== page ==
Orange - Fig - Dark Chocolate Liqueur. Light Roast.
Where: Central America, Nejapa, Department of San Salvador.
Altitute: 1800 MASL.
Tasting Notes: Orange and fig with a dark chocolate liqueur and a creamy cashew body
SCA Cup Score: 85
Drink it: For clarity of taste, we recommend a filter method, such as drip, pour over or aeropress. Try it with your favourite brew method.
Certification: Rainforest Alliance
Owner: Alvares Gallardo family
El Salvador El Pepeton Single Origin Coffee Beans
EL Cipres Estate is located on the northern slopes of the Picacho Volcano and has been owned by the Alvares Gallardo family since 1992 .
The estate is made up of 90 Hectares of coffee producing land and 5 hectares of natural forest, allowing the wildlife to flourish. Starting at 1070 masl the farm is a long thin strip which climbs up to 1800 masl, producing 3000 bags annually. The Estate has re-introduced the old practice of agobia cutting and growing where the trees are bent over and tied to the ground to keep producing whilst new shoots grow vertically. This improved yield significantly.
The coffee is Rainforest Alliance certified and the family works hard to ensure all workers are treated with respect and dignity. Workers have access to daily meals, accomodation and the estate supports the local school on site.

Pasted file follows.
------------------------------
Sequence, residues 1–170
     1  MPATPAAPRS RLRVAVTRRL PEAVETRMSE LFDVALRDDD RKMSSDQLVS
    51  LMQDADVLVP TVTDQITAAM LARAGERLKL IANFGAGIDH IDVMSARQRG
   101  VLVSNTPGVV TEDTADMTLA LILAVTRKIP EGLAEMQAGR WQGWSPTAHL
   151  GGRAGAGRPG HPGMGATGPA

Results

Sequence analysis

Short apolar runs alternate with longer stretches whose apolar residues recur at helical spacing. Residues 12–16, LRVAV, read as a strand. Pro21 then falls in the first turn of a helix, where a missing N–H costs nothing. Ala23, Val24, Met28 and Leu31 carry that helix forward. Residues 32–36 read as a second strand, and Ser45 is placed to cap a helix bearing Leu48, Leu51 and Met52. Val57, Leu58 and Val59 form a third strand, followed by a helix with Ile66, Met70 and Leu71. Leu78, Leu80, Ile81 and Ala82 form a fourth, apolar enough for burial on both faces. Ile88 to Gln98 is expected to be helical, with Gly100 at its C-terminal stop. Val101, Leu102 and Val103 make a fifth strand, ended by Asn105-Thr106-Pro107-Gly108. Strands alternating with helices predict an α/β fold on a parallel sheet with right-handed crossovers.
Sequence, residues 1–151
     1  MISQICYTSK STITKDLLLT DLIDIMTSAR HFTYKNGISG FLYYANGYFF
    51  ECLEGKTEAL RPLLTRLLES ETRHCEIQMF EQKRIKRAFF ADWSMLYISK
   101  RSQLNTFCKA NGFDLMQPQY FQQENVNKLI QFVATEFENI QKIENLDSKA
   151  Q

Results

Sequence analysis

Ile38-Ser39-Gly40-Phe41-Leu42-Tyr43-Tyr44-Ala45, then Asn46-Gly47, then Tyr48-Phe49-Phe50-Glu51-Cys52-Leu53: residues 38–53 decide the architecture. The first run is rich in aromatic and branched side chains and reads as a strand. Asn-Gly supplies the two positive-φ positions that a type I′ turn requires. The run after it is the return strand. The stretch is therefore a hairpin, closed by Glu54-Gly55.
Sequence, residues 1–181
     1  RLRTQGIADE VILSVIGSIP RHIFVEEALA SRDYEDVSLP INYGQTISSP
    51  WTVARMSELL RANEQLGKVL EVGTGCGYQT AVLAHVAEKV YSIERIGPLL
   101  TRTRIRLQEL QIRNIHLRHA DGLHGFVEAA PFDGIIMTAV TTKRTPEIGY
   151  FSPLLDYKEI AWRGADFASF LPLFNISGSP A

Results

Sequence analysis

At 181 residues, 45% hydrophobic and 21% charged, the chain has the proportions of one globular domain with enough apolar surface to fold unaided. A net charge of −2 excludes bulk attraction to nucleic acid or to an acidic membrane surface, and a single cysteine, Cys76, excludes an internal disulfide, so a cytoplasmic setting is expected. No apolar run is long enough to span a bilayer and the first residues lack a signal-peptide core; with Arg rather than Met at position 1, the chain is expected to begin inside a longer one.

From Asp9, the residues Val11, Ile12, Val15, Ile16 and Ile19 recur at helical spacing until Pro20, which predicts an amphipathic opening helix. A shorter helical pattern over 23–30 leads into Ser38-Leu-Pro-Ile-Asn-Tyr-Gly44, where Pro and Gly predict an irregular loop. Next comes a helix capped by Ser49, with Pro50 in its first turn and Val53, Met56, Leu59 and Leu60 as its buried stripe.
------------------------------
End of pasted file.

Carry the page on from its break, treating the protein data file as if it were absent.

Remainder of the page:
El Pepeton is comprised of a natural lot this year using ripe cherries selected from the best sections of the farm. The cherry is floated and separated to ensure only ripe cherries are used in producing these lots. Once ready they move to the patio usually late in the afternoon so they lose the initial moisture without ‘heat shock’ from the strong afternoon sun. They are then left for 48hrs to settle and are not raked to prevent the skin of the cherry being damaged whilst soft. The overall drying time usually lasts between 10 - 14 days, after which the coffee is allowed to rest for a further 30 days before being sent to the mill for hulling.
El Salvador has a long and complex history as a coffee producer. The smallest of the Central American nations, this densely populated country has been growing coffee commercially since the mid 19th Century.
The country has an extensive transport infrastructure and a reputation for quality and efficiency marred only perhaps by civil war in the 1980's. However, the country recovered and today continues for focus on quality over quantity.
About two thirds of the coffee grown in El Salvador is of the Bourbon heirloom varietal. Producers are a mix of larger estates and smaller farms. The coffees they produce are typically sweet, well balanced with pleasant acidity.